Thoughts on Michael Hagenbuch’s Estate Inventory: Part 1
On a cold February day in 1856, three men arrived at the Hagenbuch homestead in Albany Township, Berks County, Pennsylvania. Their names were Ben Lenhart, Jesse Zahner, and Adam Henry, and they had been appointed by a local judge to go through the entire estate and appraise its contents.
A few months earlier, Michael Hagenbuch (b. 1805, d. 1855) had died at the age of 49. The minister at the funeral noted the cause of death as “wasting,” which could have resulted from any number of diseases including cancer or tuberculosis.
- Read more about Michael Hagenbuch and the Hagenbuch homestead
- Explore the entire contents of the estate inventory, compiled in 1856
Michael was the last family owner of the Hagenbuch homestead, and his estate inventory tells us a great deal about how the family was living in the mid-1800s, just before the beginning of the American Civil War. This two part article will examine some of the items in the inventory and explore what can be learned from them.
The appraisers determined the total value of Michael Hagenbuch’s estate inventory to be $1959.80. A few months later, another $369.68 was added to this to account for additional income derived from farm products being sold. As a result, the total value of the estate (not including any land) was determined to be $2329.48. When adjusted for inflation, this is around $66,000 today.
Compared to previous generations of Hagenbuchs, Michael’s estate inventory was higher than his father Jacob’s (b. 1777, d. 1842) at $46,000 and his grandfather Michael’s (b. 1746, d. 1809) at $60,000. In fact, it was second only to his great grandfather Andreas’s (b. 1711, d. 1785) which weighed in at nearly $200,000.
What this reveals is that the homestead, as managed by Michael Hagenbuch, was likely in one of its most economically fruitful periods since being established by Andreas in 1741. Knowing that Michael had recently built a new stone house, summer kitchen, and barn shows the family was financially secure and planning for a prosperous future.
That said, it is worth asking why Andreas’s homestead inventory had so much more value than the subsequent generations, especially when the his estate held significantly fewer goods. Indeed, much of his inventory was comprised of the basic household items used by an older man and his wife. All of his land and much of his farm inventory had been deeded to his sons Michael and Christian several years earlier.
So what was it that made Andreas so wealthy? Investments. Much of his wealth was tied up in bonds lent to family and neighbors. Interest on these was noted too, showing that he did profit from some, if not all, of these loans. Andreas appears to have been a shrewd businessman, and as he grew older he shifted away from the life of laborer to one of a financier.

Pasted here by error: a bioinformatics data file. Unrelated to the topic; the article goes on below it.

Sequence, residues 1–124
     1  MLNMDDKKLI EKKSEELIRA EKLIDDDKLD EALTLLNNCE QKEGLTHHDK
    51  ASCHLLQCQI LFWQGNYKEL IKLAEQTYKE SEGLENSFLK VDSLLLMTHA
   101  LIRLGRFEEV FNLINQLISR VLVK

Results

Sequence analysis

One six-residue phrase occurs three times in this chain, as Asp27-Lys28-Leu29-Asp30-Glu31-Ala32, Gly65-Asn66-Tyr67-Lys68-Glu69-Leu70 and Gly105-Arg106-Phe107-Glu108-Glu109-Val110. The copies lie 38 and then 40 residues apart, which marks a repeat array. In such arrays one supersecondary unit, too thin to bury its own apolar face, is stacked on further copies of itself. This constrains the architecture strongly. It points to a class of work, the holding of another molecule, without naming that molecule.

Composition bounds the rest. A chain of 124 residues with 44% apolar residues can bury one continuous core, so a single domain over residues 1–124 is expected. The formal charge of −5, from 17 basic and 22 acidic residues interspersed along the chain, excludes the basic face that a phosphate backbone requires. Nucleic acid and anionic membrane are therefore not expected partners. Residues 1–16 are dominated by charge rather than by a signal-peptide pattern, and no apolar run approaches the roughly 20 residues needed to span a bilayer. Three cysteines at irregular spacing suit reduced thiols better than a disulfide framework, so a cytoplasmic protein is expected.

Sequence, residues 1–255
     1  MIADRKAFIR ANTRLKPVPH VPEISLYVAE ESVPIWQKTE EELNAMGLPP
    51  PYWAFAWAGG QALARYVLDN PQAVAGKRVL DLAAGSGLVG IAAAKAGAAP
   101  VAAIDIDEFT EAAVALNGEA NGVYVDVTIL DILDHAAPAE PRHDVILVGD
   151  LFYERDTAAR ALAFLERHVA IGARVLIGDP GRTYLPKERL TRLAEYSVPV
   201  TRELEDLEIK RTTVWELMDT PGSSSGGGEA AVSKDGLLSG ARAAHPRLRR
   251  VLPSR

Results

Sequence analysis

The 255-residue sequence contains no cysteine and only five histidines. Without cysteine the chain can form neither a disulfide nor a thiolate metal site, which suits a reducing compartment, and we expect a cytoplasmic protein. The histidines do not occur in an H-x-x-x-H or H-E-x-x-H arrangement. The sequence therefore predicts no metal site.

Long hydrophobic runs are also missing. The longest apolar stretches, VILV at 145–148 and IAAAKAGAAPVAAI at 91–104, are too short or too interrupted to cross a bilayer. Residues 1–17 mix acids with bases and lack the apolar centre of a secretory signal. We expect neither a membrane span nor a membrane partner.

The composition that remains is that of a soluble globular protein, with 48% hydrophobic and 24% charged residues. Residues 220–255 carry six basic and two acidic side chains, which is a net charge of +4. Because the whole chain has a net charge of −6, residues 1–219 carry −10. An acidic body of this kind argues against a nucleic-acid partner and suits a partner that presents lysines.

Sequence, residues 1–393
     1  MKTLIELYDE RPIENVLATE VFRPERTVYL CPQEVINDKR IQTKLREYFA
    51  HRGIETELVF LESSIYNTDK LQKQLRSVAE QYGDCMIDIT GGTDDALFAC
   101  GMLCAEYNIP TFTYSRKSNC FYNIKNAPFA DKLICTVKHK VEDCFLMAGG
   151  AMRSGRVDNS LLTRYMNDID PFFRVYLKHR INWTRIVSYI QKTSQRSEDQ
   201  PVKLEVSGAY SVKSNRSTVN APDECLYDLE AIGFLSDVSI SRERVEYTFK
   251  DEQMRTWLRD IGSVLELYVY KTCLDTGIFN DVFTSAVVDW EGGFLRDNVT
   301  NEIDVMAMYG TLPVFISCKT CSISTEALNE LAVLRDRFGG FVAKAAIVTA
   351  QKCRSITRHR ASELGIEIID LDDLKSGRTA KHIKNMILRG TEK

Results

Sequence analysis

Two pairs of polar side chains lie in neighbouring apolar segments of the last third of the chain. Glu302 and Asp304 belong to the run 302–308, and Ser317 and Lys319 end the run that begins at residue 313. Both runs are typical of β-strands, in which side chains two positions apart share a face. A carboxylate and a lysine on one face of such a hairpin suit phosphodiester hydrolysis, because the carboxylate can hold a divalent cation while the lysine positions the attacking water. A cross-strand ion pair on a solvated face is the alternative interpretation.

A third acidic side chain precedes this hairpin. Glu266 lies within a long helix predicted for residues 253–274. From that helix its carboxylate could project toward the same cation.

It was a skill that was most notably inherited by his son, Henry, who established the profitable Cross Keys Tavern in Allentown, Pennsylvania. His son Michael, though, remained at the homestead and focused on the agricultural industry there. Michael’s son Jacob and grandson Michael would follow similar career paths.
It should be noted that land was a valuable asset not counted in Michael Hagenbuch’s inventory. When sold at auction, his real estate holdings brought in an additional $7460.86 or about $213,000 today. Together with the inventory, Michael’s full estate totaled $279,000. Had he lived another 20 years, he may have accumulated enough wealth to rival even that of his great grandfather Andreas.
When Michael Hagenbuch died, his wife Abigail “Abia” (Stapleton) Hagenbuch (b. 1811, d. 1883) had good reason to be worried. Besides having seven children who were minors (at that time, this was anyone under the age of 21), she was afforded few property rights by the law. In other words, though she had been married to Michael, she had little claim on the Hagenbuch homestead, its land, or its contents.
However, by the mid-1800s, attitudes towards women’s rights were beginning to change in the United States. This fact can be seen within the inventory document. Unlike previous inventories, Michael’s is split into two parts. The first is full of items relating to the industry of the homestead, while the second contains many household items.
It is the latter part which deserves particular attention, as it is prefaced with the following text:
… [R]etained by Abia Hagenbuch, widow, of the said deceased for the use of the said widow etc according to an act of Assembly passed the 14th day of April A.D. 1851 …
Thanks to a Pennsylvania state law passed only a few years prior, Abigail was now entitled to receive a portion of her late husband’s estate. This amount was capped at $300, and not surprisingly, when the items retained by Abigail are totaled their value is around $300 (about $8600 today).
As mentioned, many of the items kept by Abigail are related to the home. These include chairs, cookware, a Bible, and cloth. There are also several farm items necessary for maintaining a livelihood such as garden tools, corn, pigs, and cows. Though a small step forward, the document demonstrates progress in providing for the rightful heirs to a deceased loved one’s estate.
The next part in this series will continue to examine the contents of Michael Hagenbuch’s inventory document and explore the life of the last family owner of the homestead.